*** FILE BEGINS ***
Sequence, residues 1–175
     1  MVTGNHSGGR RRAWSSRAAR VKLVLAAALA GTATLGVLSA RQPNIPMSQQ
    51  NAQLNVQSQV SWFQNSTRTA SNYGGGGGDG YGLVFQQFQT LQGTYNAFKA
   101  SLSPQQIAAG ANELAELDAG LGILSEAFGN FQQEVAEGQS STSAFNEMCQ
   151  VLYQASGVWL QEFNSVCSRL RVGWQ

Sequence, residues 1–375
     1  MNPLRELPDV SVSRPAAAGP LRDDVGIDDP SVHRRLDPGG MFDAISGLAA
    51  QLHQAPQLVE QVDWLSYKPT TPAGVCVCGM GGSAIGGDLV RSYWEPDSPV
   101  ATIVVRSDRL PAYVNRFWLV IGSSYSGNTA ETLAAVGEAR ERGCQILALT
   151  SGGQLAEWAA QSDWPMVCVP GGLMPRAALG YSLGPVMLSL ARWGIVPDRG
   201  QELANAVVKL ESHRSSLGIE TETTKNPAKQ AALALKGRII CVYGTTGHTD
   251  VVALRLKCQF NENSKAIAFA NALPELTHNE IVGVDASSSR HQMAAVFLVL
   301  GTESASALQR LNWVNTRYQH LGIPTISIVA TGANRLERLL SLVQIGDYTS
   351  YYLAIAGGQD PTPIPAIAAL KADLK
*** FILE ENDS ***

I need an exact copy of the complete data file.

Sequence, residues 1–175
     1  MVTGNHSGGR RRAWSSRAAR VKLVLAAALA GTATLGVLSA RQPNIPMSQQ
    51  NAQLNVQSQV SWFQNSTRTA SNYGGGGGDG YGLVFQQFQT LQGTYNAFKA
   101  SLSPQQIAAG ANELAELDAG LGILSEAFGN FQQEVAEGQS STSAFNEMCQ
   151  VLYQASGVWL QEFNSVCSRL RVGWQ

Sequence, residues 1–375
     1  MNPLRELPDV SVSRPAAAGP LRDDVGIDDP SVHRRLDPGG MFDAISGLAA
    51  QLHQAPQLVE QVDWLSYKPT TPAGVCVCGM GGSAIGGDLV RSYWEPDSPV
   101  ATIVVRSDRL PAYVNRFWLV IGSSYSGNTA ETLAAVGEAR ERGCQILALT
   151  SGGQLAEWAA QSDWPMVCVP GGLMPRAALG YSLGPVMLSL ARWGIVPDRG
   201  QELANAVVKL ESHRSSLGIE TETTKNPAKQ AALALKGRII CVYGTTGHTD
   251  VVALRLKCQF NENSKAIAFA NALPELTHNE IVGVDASSSR HQMAAVFLVL
   301  GTESASALQR LNWVNTRYQH LGIPTISIVA TGANRLERLL SLVQIGDYTS
   351  YYLAIAGGQD PTPIPAIAAL KADLK